For our coming exhibition at the London Original Print Fair, we have a great collection of original prints from a group of four Chinese artists. Prints depict styles from Northern China’s multi-blocks woodcut as seen in the work of Liu Decai to Southern China’s reduction woodcut, as used by Zhang Xiaochun. Our young artist Liu Jing’s eye-catching portraits series is created with his own new woodcut technique, and we will also have young female artist Hammer Chen’s etchings on display.
Here are a few highlights from our exhibition. Visit us at the Royal Academy of Arts to see more wonderful contemporary prints from us. We are located at stand 22 this year.
Image: ‘Northern, Autumn Charm II’, Edition 24/50, woodcut by Liu Decai
Image: ‘Illusion Dream’, Edition:12/25, 100cm x70cm, woodcut by Zhang XiaoChun
‘Master’, a series by Liu Jing, is an experimental collection of work which combines woodcut, lithography and other contemporary techniques to create a new language that is far different from traditional woodcut. He has created a series of portraits of modern Chinese literary masters, using this technique to express their magnanimity and spirit. Those prints are in-depth and rich in the pursuit of details in the moulding; at the same time, there are weakened contours and edges, used to create the flow and rhyme of the lines.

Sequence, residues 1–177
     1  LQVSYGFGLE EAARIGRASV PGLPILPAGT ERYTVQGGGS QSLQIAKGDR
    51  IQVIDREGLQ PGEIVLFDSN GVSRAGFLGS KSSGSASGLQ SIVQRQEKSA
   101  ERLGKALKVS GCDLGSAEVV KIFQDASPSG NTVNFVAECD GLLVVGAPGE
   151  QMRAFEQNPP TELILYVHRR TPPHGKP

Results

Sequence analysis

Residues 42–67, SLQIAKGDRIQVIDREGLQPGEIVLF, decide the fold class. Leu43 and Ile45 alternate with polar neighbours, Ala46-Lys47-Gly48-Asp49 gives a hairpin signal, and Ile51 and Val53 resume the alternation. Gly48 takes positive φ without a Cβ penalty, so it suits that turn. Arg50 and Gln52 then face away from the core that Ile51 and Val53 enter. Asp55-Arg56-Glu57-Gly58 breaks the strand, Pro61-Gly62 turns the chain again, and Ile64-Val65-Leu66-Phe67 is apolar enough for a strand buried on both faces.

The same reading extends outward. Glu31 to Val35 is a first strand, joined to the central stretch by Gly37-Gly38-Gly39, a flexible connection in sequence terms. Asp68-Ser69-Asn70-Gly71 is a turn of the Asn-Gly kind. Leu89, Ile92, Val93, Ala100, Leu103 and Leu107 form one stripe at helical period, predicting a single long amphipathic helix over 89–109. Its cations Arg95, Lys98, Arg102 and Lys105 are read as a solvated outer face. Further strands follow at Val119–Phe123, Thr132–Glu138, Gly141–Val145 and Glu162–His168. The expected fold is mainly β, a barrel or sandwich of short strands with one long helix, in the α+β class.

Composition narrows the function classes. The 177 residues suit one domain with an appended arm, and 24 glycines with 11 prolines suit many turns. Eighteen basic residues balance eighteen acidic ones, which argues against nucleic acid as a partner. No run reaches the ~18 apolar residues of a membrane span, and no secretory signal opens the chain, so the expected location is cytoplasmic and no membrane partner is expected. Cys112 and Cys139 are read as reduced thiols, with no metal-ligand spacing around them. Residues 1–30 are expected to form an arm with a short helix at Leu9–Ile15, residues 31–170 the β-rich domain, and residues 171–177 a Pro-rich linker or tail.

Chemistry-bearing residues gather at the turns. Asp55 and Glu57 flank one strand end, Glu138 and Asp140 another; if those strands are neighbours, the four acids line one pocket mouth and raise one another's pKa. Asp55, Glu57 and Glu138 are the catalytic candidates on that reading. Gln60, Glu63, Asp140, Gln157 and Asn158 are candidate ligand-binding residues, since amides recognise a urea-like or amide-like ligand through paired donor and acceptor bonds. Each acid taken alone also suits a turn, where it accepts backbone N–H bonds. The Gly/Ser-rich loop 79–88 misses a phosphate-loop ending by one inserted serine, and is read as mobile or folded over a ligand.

Why chose portraits as a theme? Because they are suitable for language experiments and technical attempts. The portrait is also the most direct and purest method of expression.
Image: ‘Master’, 60x90cm, woodcut by Liu Jin
One of the talented emerging female Chinese artists we will be exhibiting the London Original Print Fair is Hammer Chen, whose creative life bounces between Shanghai and London. Hammer is a printmaker, an artist and illustrator whose work, as she puts it, stems from an interest in using marks and textures to express sensations and emotions. Her subject is Maladaptive Daydreaming. “Maladaptive daydreaming is a psychological concept to describe an extensive fantasy activity that replaces human interaction and interferes with academic, interpersonal, or vocational functioning.” So the series of works is exploring fantasy, struggle, disconnect between mind, body and self.
Image: ‘The Self’, an etching by Hammer Chen
We hope to see you at the fair, April 25-28. Please email email@example.com to book free tickets, while they last!
More information on the fair itself can be found on the London Original Print Fair website.